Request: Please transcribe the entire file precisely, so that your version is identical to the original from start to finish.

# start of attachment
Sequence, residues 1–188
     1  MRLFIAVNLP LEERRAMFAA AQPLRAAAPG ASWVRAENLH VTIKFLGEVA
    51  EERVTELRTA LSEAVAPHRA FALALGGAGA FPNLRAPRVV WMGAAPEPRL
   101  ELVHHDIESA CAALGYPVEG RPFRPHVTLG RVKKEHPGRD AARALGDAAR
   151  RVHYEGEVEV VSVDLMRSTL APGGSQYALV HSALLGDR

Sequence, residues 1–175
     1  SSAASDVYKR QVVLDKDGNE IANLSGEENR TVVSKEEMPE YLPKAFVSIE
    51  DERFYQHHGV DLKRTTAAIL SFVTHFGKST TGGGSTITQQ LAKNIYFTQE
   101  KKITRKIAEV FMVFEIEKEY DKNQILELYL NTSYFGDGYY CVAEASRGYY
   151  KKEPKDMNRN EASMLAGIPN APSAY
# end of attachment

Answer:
Sequence, residues 1–188
     1  MRLFIAVNLP LEERRAMFAA AQPLRAAAPG ASWVRAENLH VTIKFLGEVA
    51  EERVTELRTA LSEAVAPHRA FALALGGAGA FPNLRAPRVV WMGAAPEPRL
   101  ELVHHDIESA CAALGYPVEG RPFRPHVTLG RVKKEHPGRD AARALGDAAR
   151  RVHYEGEVEV VSVDLMRSTL APGGSQYALV HSALLGDR

Sequence, residues 1–175
     1  SSAASDVYKR QVVLDKDGNE IANLSGEENR TVVSKEEMPE YLPKAFVSIE
    51  DERFYQHHGV DLKRTTAAIL SFVTHFGKST TGGGSTITQQ LAKNIYFTQE
   101  KKITRKIAEV FMVFEIEKEY DKNQILELYL NTSYFGDGYY CVAEASRGYY
   151  KKEPKDMNRN EASMLAGIPN APSAY